Populations everywhere are growing older, and the number of persons aged 60 years or over is expected nearly to triple by 2050. Not only are more people surviving to reach old age, but those who attain old age are living longer than ever before. As a consequence, families comprising three or even four generations have become common, considerably expanding the alternatives for living arrangements of older persons. At the same time, long-term shifts in economies and societies are transforming many aspects of day-to-day family life, including traditions favouring lifelong co-residence of parents and children as a basic means of ensuring support for young and old.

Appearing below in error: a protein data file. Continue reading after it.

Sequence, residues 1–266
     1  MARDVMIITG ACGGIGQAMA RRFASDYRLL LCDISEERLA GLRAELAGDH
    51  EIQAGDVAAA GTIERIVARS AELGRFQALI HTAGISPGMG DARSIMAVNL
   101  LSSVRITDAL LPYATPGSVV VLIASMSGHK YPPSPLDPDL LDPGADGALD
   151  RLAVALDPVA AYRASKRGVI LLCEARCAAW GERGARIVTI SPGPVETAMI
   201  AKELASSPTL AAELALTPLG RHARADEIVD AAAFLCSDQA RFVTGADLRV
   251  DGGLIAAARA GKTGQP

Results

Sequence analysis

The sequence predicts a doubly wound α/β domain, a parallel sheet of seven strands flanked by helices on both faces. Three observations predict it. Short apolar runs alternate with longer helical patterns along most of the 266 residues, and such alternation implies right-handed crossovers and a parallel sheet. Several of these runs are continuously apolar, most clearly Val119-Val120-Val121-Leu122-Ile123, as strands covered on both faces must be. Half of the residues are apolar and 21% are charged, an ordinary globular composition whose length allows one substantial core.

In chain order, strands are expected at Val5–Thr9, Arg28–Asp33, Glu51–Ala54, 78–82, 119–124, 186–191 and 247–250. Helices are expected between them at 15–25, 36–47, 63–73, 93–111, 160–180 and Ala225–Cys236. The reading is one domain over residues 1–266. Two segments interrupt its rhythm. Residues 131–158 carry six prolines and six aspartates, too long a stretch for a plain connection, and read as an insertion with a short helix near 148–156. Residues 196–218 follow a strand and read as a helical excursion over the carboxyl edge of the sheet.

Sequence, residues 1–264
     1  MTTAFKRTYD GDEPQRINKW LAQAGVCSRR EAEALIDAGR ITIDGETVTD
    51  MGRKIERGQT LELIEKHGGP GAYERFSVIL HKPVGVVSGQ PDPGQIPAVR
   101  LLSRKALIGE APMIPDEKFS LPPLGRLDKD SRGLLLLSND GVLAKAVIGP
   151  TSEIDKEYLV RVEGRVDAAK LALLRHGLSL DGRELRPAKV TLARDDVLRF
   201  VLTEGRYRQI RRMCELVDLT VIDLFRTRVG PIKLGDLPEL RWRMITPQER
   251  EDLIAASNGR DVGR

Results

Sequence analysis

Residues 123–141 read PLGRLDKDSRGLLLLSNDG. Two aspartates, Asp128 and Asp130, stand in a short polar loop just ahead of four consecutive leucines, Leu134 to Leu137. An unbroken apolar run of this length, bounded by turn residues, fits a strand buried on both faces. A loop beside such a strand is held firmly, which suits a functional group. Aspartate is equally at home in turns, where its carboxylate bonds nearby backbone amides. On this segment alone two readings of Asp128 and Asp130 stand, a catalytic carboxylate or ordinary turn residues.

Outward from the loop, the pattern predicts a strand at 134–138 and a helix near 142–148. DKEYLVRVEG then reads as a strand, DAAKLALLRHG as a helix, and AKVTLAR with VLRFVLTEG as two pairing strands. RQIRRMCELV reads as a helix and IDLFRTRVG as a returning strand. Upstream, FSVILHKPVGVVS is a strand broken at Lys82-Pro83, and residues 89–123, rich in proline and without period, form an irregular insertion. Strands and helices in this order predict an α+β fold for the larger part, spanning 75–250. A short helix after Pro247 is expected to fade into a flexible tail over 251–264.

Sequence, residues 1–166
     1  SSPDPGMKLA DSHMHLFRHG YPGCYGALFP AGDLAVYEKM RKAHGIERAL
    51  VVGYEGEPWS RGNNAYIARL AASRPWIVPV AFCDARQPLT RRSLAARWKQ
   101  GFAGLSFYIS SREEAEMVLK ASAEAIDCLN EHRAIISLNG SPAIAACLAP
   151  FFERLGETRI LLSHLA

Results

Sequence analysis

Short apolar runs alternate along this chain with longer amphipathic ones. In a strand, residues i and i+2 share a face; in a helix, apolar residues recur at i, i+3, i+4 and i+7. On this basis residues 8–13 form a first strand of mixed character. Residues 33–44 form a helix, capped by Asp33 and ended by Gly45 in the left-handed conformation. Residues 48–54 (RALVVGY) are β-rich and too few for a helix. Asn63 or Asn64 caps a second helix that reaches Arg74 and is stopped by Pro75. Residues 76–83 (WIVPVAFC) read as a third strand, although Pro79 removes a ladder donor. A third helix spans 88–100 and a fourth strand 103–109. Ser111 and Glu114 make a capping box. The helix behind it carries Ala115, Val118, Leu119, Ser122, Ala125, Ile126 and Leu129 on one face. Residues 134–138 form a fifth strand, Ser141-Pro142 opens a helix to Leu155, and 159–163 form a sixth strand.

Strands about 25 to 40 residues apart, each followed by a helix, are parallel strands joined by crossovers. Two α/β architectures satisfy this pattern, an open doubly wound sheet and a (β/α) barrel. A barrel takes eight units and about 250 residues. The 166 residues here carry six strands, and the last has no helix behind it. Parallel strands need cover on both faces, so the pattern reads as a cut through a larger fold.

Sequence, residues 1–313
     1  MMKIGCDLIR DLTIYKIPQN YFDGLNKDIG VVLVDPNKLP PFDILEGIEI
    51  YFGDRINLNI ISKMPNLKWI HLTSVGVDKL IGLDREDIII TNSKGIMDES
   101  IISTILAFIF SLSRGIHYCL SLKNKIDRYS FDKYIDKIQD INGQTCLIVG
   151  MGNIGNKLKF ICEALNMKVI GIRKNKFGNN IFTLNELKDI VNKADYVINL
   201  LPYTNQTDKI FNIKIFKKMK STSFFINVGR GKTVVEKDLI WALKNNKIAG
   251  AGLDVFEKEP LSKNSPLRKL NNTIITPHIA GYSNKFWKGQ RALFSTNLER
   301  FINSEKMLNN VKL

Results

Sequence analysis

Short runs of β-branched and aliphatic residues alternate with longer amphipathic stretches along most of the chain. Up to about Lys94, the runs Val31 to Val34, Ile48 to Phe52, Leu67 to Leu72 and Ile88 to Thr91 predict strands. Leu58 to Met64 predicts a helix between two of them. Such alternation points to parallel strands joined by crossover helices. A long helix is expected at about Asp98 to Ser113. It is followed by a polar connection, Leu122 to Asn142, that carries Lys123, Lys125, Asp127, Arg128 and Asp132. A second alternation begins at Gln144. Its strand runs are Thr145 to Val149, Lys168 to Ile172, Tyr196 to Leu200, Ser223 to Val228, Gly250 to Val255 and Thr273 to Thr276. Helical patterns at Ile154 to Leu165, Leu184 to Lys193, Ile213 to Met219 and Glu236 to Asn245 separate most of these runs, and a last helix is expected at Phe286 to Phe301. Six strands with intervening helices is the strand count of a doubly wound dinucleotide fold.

The present publication provides the first global survey and analysis of the patterns and trends in the living arrangements of older persons. Comparable data are presented for more than 130 countries. The publication analyses the demographic, social and economic correlates of living arrangements of people aged 60 years or over as well, focusing on co-residence with family members, solitary living and the institutionalization of older persons.
- Chapter I: Background
- Chapter II: Living Arrangements: Patterns and Trends
- Chapter III: Economic and Social Correlates of Living Arrangements
- Chapter IV: Informal Support Transfers Between Generations
- Chapter V: Conclusion
- Annex I: Imputation of Marital Status of Household Members in DHS Surveys
- Annex II: Composition of the Index of Material Well-Being
- Annex III: Methodological Note on the Possible Underestimation of Older Individuals Living with Children
- Annex IV: Annex Tables
Two files in Excel format showing age-specific data for persons aged 50 or over, by sex: